Frogs are an important part of a freshwater biome. During its life a frog undergoes a series of transformations, from an egg to a free-swimming tadpole and from a tadpole to a land-dwelling frog. At each stage of its life a frog is vulnerable to a variety of predators that can take a toll on the frog population. With leopard frogs, up to 95 percent die as tadpoles or new froglets, according to Animal Diversity Web.
Birds and Snakes
Frogs and tadpoles alike fall prey to a wide variety of birds and reptiles. Many kinds of birds who live in and around freshwater biomes can eat smaller frogs and tadpoles. Large bullfrogs are safe from all but the bigger birds, such as herons. Common avian predators of frogs include ducks, geese, swans, wading birds, gulls, crows, ravens and hawks. Frogs are also at risk of becoming a meal for garter snakes, water moccasins and other swimming snakes.
Variety of Mammals
Although many mammals avoid certain kinds of frogs and toads because of their foul skin secretions, not all frogs have a bad taste that repels predators. Almost all mammals in a freshwater biome will prey on frogs if they can catch them. This includes raccoons, mink, foxes, otters, opossums and humans. Although these animals don’t necessarily live in the freshwater biome, they come to it seeking food and might pluck frogs from the water or from along the shore.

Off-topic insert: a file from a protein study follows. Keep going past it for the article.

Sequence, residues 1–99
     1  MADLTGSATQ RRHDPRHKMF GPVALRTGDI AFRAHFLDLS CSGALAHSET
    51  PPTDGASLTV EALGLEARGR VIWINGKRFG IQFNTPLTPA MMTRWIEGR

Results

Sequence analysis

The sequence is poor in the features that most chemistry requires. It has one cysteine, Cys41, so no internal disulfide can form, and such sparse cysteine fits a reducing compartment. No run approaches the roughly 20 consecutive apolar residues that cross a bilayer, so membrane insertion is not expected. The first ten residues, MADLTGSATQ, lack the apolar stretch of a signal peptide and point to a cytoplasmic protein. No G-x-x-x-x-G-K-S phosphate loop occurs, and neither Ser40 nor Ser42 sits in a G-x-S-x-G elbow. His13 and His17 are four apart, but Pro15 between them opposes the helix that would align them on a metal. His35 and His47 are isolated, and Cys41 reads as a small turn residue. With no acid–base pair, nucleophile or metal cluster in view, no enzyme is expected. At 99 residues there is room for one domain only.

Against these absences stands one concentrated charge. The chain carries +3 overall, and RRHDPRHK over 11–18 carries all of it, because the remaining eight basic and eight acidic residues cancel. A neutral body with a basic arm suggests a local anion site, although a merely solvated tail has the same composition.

Because frogs must keep their skin wet to breathe, many of them spend much of their time in water, or on plants in or near water. Although this helps keep them safe from some land-based predators, it makes them more vulnerable to those that swim. Fish are a danger to frogs, as are many kinds of aquatic turtles. Frogs also must beware of other frogs, since some carnivorous frogs won’t hesitate to eat anything they can swallow.
Frog eggs, tadpoles and very small, immature froglets face danger from many creatures too small to eat most adult frogs. Predators such as leeches, dragonflies, dragonfly larvae, newts, diving beetles and other large water bugs eat frog eggs. Most of them eat tadpoles as well, especially the smaller tadpoles. The younger forms of frogs also face predation from many of the larger animals that prey on adult frogs, though for some of these predators, tadpoles or frog eggs aren’t worth hunting down.
- Hamline University Center for Global Environmental Education: 'Frog'-quently Asked Questions (FAQ's) (#11)
- Fairfax County Public Schools: Bullfrog
- Fairfax County Public Schools: Southern Leopard Frog
- University of California Museum of Paleontology: The Aquatic Biome
- University of Michigan Animal Diversity Web: Bronze Frog
- University of Michigan Animal Diversity Web: Northern Leopard Frog
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